How 2020’s Rookie Quarterbacks Will Affect the Fantasy Landscape

by Ron Stewart ·

Every year, rookie quarterbacks supplant old veterans via the NFL Draft. In fantasy football, we rarely account for the consequences their growing pains might have on the receivers in their offenses. In 2020, the Bengals, Dolphins, and Chargers drafted a quarterback in the first six picks. Today, we use PlayerProfiler’s advanced stats and metrics to determine what to expect from these offenses in 2020.

Historical Data

Since 2011, the average finish for a rookie quarterback’s top receiver was No. 39 in Fantasy Points Per Game. This number is adjusted for only the games played by the rookie quarterback. For example, Courtland Sutton‘s production with Drew Lock at quarterback only accounts for the five games that Lock started. With Lock, Sutton was the WR27 in points per game with only one Top 24 finish. In the games without Lock, Sutton was the WR19 with six top 24 finishes in 11 games. A similar story is told when zooming in on Washington. With Dwayne Haskins, Terry McLaurin was the WR29 in points per game with two top 24 finishes in that seven game span. In the seven games prior to Haskins’ start, McLaurin was the WR19 in points per game with four Top 24 finishes. It’s clear there’s a trend here.

What About Stud Wide Receivers?

Terry McLaurin and Courtland Sutton were unproven prior to last season. Below is a chart showing the difference in Fantasy Points per Game between receivers with rookie quarterbacks and their finish the year prior.

WR Fantasy Points Per Game rank playing with a rookie quarterback versus the year prior

Of the quarterbacks with receivers that finished in the top 36 the year prior, the average change from year to year was minus eight. Last year, this was the difference between Amari Cooper and John Brown. When looking at the numbers broadly, it’s clear that a rookie quarterback is not usually fantasy friendly. Of the nine receivers who qualified, seven regressed in their season with a rookie quarterback. At first glance, DeAndre Hopkins stands out as an outlier, being WR26 the previous year and then rising to a WR2 level with Deshaun Watson. This can be rationalized due to having Tom Savage and Brock Osweiler at quarterback the year prior. In 2015, two years before drafting Watson, Hopkins finished as the WR4 in Fantasy Points per Game. While Watson maintained Hopkins’ value, it’d be a stretch to say he propelled him 24 spots in the wide receiver rankings in 2017.

It’s important to note Larry Fitzgerald‘s and Mike Evans‘ production with rookie quarterbacks. These are both receivers we know are good. Fitzgerald is an all time great and regressed from WR4 to WR23 with Josh Rosen. While people may point to Rosen’s lack of skill in hindsight, it only shows how unpredictable rookie quarterbacks can be. However, we know Jameis Winston is good for fantasy due to his gunslinging mentality. Despite this, Evans regressed from WR13 as a rookie to WR23 with Winston under center.

What Does This Mean For 2020?

Last April, three quarterbacks were drafted with real opportunity to start in year one. These quarterbacks are Joe Burrow, Tua Tagovailoa, and Justin Herbert. It’s worth noting the Packers traded up for Jordan Love in the first round, but the consensus is that he won’t be starting until 2021, assuming Aaron Rodgers stays healthy. With Burrow, Tagovailoa, and Herbert set to shake things up in their respective offenses, it’s time to adjust our expectations for their fantasy counterparts. Quarterbacks drafted in the first round since 2009 average 3,429 yards and 19 touchdowns over a 16-game span.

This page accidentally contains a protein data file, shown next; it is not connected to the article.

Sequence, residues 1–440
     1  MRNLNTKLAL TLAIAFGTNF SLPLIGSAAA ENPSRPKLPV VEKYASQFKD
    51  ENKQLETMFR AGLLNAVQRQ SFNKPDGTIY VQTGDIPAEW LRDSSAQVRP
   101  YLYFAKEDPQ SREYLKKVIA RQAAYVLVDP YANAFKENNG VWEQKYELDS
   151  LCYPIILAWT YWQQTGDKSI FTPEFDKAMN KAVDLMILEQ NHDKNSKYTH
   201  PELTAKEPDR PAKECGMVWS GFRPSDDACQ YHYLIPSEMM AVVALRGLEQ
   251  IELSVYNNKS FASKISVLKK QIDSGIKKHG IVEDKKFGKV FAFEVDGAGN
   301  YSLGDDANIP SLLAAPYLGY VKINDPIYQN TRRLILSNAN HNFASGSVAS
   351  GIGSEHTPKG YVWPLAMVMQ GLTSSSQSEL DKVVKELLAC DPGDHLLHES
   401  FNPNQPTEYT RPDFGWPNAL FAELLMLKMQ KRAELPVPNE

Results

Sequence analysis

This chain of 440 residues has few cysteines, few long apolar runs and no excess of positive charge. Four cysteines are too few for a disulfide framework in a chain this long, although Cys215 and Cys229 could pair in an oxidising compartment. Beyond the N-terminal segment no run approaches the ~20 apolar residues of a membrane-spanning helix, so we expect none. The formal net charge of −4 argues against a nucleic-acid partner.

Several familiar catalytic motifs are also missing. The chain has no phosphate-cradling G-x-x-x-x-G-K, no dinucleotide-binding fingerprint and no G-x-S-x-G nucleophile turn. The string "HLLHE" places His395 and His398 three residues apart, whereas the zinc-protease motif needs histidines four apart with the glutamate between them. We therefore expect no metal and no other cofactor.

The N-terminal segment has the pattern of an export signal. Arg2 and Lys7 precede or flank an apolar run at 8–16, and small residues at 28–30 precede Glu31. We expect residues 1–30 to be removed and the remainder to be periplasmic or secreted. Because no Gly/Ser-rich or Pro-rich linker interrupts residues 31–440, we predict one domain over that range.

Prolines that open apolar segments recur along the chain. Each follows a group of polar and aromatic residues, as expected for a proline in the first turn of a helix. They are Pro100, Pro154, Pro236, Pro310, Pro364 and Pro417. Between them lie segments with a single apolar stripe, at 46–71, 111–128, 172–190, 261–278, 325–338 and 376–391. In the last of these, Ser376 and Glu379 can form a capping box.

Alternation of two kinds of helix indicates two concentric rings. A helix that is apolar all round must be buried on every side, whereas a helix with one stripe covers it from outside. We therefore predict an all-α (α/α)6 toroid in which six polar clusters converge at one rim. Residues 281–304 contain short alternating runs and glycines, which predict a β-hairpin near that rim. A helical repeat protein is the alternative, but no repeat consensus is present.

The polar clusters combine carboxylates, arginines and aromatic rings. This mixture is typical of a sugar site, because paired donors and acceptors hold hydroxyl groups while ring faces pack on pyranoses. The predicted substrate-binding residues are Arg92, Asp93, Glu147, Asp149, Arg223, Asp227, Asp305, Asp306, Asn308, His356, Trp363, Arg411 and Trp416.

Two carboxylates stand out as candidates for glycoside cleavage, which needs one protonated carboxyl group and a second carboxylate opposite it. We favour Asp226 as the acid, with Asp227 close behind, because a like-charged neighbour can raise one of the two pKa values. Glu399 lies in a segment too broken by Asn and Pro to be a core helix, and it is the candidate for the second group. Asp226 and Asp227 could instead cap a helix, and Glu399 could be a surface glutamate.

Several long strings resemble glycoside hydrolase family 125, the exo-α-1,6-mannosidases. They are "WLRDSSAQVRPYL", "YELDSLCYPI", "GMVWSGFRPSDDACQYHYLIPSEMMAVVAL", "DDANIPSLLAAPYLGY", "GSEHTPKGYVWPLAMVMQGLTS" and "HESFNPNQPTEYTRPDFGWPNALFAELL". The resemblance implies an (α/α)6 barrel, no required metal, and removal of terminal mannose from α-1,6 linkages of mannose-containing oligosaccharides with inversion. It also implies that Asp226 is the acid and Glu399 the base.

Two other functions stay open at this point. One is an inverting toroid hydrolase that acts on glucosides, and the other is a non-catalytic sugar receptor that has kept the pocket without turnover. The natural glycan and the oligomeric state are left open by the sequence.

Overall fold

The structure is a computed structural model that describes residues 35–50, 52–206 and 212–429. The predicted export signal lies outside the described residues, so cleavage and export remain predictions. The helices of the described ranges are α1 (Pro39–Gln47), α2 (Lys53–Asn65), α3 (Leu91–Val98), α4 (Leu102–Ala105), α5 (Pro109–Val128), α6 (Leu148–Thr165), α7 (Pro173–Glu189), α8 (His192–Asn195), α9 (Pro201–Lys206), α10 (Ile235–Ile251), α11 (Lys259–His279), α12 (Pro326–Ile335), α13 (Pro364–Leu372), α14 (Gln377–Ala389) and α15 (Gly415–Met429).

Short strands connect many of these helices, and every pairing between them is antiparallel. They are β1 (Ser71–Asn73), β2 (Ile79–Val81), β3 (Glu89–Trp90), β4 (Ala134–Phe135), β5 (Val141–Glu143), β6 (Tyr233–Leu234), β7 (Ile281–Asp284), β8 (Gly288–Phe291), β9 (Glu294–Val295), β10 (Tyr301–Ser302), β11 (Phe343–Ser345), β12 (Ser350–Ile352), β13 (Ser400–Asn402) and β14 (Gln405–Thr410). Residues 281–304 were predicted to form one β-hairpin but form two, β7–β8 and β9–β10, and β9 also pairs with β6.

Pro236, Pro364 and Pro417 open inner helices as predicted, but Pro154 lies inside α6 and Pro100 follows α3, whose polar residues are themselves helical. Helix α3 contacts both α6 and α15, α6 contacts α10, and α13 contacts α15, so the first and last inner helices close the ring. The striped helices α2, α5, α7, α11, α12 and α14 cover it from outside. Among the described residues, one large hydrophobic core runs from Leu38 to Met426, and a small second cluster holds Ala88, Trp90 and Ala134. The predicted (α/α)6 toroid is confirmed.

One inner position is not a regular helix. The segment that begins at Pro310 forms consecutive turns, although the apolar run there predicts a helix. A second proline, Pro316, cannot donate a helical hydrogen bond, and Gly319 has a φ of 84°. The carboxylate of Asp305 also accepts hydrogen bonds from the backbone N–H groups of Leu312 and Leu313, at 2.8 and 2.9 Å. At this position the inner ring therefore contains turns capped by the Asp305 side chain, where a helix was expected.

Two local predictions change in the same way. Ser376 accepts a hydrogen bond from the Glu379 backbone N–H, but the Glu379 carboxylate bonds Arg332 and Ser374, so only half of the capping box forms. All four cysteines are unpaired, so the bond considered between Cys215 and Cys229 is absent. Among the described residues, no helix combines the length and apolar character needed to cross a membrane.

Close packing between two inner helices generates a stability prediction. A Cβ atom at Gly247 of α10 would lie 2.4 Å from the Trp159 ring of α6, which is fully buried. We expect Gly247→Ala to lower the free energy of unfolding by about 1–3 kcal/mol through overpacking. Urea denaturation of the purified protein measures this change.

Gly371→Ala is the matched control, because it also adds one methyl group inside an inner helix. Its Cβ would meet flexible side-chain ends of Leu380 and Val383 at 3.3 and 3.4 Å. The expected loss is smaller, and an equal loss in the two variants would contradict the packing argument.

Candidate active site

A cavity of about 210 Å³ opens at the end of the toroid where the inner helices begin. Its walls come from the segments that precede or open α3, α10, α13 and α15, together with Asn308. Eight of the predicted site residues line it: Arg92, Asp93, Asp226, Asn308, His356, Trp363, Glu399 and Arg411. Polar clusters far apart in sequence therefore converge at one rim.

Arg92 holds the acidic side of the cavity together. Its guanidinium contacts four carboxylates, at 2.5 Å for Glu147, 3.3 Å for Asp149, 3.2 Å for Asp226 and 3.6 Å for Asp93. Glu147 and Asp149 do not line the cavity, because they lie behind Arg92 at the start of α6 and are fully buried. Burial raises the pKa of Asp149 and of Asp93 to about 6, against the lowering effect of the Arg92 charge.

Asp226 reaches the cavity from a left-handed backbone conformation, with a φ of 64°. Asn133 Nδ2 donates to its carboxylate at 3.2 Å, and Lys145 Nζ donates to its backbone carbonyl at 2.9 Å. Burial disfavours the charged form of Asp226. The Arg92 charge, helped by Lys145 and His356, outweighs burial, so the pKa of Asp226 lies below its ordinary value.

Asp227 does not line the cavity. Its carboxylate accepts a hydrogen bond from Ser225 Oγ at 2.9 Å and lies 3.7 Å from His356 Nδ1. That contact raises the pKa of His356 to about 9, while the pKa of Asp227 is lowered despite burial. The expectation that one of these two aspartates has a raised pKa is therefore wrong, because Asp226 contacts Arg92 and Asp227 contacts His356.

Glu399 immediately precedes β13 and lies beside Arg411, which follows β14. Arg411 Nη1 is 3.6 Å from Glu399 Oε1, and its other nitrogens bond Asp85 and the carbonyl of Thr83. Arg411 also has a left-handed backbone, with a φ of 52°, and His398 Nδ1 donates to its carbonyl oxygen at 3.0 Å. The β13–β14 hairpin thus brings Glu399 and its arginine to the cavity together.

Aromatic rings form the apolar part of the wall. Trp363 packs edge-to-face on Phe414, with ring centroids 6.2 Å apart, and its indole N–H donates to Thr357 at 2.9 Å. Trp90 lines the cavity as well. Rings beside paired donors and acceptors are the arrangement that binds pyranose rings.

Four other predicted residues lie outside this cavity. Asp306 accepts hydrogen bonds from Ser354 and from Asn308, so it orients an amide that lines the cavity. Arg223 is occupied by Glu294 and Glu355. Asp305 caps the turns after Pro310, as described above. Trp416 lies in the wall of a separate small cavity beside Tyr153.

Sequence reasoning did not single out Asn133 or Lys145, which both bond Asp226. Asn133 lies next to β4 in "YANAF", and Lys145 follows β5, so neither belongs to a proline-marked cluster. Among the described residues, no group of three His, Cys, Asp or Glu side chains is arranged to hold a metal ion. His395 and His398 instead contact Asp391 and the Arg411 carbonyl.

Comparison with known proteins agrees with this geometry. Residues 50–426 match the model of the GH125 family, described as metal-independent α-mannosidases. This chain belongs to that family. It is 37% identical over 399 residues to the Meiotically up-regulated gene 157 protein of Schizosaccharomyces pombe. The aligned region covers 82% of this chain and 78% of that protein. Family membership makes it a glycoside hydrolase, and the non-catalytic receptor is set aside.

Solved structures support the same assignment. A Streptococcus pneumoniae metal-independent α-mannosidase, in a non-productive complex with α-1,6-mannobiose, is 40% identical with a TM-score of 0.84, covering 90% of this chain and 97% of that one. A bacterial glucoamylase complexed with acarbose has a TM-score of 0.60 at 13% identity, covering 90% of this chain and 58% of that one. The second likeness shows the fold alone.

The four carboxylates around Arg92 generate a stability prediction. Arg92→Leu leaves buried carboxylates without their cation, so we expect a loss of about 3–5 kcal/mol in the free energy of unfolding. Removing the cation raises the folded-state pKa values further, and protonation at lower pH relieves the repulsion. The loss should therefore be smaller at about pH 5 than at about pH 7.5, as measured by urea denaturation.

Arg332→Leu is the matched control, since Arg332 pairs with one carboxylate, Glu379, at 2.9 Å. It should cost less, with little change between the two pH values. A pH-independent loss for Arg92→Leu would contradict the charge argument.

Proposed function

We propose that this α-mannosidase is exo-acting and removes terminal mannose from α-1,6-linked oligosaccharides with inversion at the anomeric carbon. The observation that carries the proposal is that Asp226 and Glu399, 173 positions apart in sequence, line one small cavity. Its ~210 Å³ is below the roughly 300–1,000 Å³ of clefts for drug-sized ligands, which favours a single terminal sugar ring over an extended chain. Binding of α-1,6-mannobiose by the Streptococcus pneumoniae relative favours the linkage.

Rookive QB stats extrapolated across 16 games since 2009

In 2019, this would have been good for No. 25 and No. 27, respectively. Typically, a bottom-third passing offense doesn’t bode well for the receivers involved.

Joe Burrow – Bengals

To get a feel for the new-look Bengals offense we have to look at Joe Burrow from an unbiased perspective. On DraftKings Sportsbook, his over/under totals are set at 3,700 yards and 21 touchdowns. While this is on the lower side in terms of passing production, Burrow will make a great fantasy asset due to his rushing floor. In two years as LSU’s starter, he rushed for 767 yards and 12 touchdowns. It’s his receivers we should be concerned about. Currently, A.J. Green and Tyler Boyd are being drafted adjacent to each other at WR30 and WR31 according to FantasyPros’ Consensus ADP. As mentioned before, rookie quarterbacks struggle to support one top-36 wide receiver, nevermind two.

A.J. Green & Tyler Boyd

A.J. Green enters his age-32 season in 2020 and won’t be getting any younger. It isn’t difficult to see a scenario where someone whose Best Comparable Player is Alshon Jeffery completely falls off a cliff this year. This is common among tall, physical receivers such as Andre Johnson, Dez Bryant, and Demaryius Thomas. Green already showed a hint of decline when he stumbled from a 29.2-percent (No. 3 among qualified wide receivers) Target Share in 2017 to a 23.5-percent (No. 18) mark in 2018. This number should only decrease with the emergence of Boyd and John Ross, lack of rapport with Burrow, and addition of Tee Higgins via the draft. Green projects to be a low-upside flex option with a massive injury risk.